In a recent copyright infringement lawsuit on their film “Enola Holmes”, by the estate of Sir Arthur Conan Doyle, who had famously created the fictional character Sherlock Holmes, Netflix was sued for portraying the character to be “warmer” and having emotions in the film as the character was known to be strictly analytical and rational without expressing emotions or feelings. Although the character itself was largely seen to be in the public domain, the estate of Sir Conan Doyle claims otherwise, as the “warmer” version of Sherlock Holmes was said to infringe the last 10 stories written by Conan Doyle which displays the character having emotional traits that were still copyrighted. The question is, can emotions be copyrighted? The basis for copyright protection lies in the expression of the idea, and not on the idea itself. This is why there is a requirement for copyrighted works to be expressed in a tangible format such as a book, film or recordings to be validly protected. A claim on emotions to be copyrighted would seem to be stretching copyright protection a tad too far, as what can be copyrighted would need to be original in its creative expression as well. Thus, a discussion on whether emotions can be copyrighted might lead us further down deeper into a rabbit hole rather than providing us with a rabbit’s foot solution.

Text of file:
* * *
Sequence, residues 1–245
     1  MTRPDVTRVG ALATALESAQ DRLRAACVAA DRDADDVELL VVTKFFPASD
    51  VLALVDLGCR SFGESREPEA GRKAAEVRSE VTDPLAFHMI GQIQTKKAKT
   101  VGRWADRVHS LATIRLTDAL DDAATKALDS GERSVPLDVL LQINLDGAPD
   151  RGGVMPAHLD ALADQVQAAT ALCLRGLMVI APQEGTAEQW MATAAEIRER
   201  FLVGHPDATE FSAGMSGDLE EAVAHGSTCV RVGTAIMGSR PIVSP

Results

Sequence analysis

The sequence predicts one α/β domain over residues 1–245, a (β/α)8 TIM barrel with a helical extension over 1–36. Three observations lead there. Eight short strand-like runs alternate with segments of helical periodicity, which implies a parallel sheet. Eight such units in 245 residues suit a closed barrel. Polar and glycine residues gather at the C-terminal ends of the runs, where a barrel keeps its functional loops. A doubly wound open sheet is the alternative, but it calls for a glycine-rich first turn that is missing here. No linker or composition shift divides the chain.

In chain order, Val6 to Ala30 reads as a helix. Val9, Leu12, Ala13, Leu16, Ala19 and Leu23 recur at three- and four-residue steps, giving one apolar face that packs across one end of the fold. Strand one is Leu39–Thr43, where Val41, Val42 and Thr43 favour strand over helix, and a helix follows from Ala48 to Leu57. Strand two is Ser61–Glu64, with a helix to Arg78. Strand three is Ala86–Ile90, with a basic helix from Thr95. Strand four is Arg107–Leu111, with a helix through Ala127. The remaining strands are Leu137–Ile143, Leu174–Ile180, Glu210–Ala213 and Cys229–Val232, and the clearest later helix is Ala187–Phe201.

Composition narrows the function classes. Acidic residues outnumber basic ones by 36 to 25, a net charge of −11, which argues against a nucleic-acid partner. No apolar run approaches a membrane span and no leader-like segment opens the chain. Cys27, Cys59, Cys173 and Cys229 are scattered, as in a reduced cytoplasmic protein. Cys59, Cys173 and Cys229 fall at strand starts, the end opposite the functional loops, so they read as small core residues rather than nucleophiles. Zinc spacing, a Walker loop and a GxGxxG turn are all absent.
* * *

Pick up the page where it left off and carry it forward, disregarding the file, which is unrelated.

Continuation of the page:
The Conan Doyle estate further alleged trademark infringement on the title “Enola Holmes”, claiming that it infringed the “Holmes” name and brand, which overextends their protection to trademarks. They may not have a strong case however, as in Dastar Corp. v. Twentieth Century Fox Film Corp. 539 U.S. 23 (2003), the US Supreme Court had previously held that copyrighted works that had already entered the public domain would not be entitled for protection under the Trademark Act in the US (the Lanham Act).

As a company in business under an unpredictable and ever-changing industry such as media and entertainment, intellectual assets and the protection of intellectual assets plays a substantial role in ensuring the survival of the company. We hope that viewers and subscribers alike of Netflix, or other streaming service providers, are able to appreciate the intricacies and involvement of IP and its importance, as consumers of entertainment. And for companies who have acquired a large amount of intellectual assets to protect and secure it respectively. Meanwhile, stay safe and binge away!

Hoh Jerick is a Trademarks & Designs Executive at KASS International, an established intellectual property firm with offices in Malaysia, Singapore, Indonesia, Myanmar, Thailand and Vietnam. He handles the registration and prosecution of trademarks and industrial designs, and provides advice on copyright matters. For more information, visit www.kass.asia or drop an e-mail to kass@kass.asia.

About the Firm

KASS International Sdn. Bhd.
Address Suite 8-13A-2, Menara Mutiara Bangsar, Jalan Liku, Off Jalan Riong, Bangsar, 59100 Kuala Lumpur, Malaysia
Tel 60-3-2284 7872
Fax 60-3-2284 1125
Email hello@kass.asia
Link www.kass.asia